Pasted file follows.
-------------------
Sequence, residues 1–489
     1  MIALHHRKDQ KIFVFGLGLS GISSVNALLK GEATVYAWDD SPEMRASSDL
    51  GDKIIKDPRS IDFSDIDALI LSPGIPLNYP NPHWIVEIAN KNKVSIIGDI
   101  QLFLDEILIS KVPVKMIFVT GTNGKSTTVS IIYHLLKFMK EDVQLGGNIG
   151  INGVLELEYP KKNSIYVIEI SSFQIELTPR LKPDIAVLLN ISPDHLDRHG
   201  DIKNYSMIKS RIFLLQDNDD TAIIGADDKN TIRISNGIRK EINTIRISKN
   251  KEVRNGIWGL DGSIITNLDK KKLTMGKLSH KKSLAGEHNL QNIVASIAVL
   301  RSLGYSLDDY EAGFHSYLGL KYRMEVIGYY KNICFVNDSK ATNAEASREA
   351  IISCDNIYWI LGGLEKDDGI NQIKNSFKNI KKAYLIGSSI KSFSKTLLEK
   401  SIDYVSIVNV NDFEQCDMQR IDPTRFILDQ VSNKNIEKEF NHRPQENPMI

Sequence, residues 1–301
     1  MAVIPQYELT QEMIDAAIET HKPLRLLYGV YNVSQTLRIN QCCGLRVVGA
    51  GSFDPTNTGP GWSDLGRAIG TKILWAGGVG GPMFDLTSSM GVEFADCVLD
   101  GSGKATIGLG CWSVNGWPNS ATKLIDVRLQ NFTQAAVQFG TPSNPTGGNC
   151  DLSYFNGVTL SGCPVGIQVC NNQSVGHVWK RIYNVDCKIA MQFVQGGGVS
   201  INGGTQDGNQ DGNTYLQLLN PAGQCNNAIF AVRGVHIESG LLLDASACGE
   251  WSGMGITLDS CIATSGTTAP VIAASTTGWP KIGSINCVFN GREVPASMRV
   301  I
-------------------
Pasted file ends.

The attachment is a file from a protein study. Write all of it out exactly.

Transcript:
Sequence, residues 1–489
     1  MIALHHRKDQ KIFVFGLGLS GISSVNALLK GEATVYAWDD SPEMRASSDL
    51  GDKIIKDPRS IDFSDIDALI LSPGIPLNYP NPHWIVEIAN KNKVSIIGDI
   101  QLFLDEILIS KVPVKMIFVT GTNGKSTTVS IIYHLLKFMK EDVQLGGNIG
   151  INGVLELEYP KKNSIYVIEI SSFQIELTPR LKPDIAVLLN ISPDHLDRHG
   201  DIKNYSMIKS RIFLLQDNDD TAIIGADDKN TIRISNGIRK EINTIRISKN
   251  KEVRNGIWGL DGSIITNLDK KKLTMGKLSH KKSLAGEHNL QNIVASIAVL
   301  RSLGYSLDDY EAGFHSYLGL KYRMEVIGYY KNICFVNDSK ATNAEASREA
   351  IISCDNIYWI LGGLEKDDGI NQIKNSFKNI KKAYLIGSSI KSFSKTLLEK
   401  SIDYVSIVNV NDFEQCDMQR IDPTRFILDQ VSNKNIEKEF NHRPQENPMI

Sequence, residues 1–301
     1  MAVIPQYELT QEMIDAAIET HKPLRLLYGV YNVSQTLRIN QCCGLRVVGA
    51  GSFDPTNTGP GWSDLGRAIG TKILWAGGVG GPMFDLTSSM GVEFADCVLD
   101  GSGKATIGLG CWSVNGWPNS ATKLIDVRLQ NFTQAAVQFG TPSNPTGGNC
   151  DLSYFNGVTL SGCPVGIQVC NNQSVGHVWK RIYNVDCKIA MQFVQGGGVS
   201  INGGTQDGNQ DGNTYLQLLN PAGQCNNAIF AVRGVHIESG LLLDASACGE
   251  WSGMGITLDS CIATSGTTAP VIAASTTGWP KIGSINCVFN GREVPASMRV
   301  I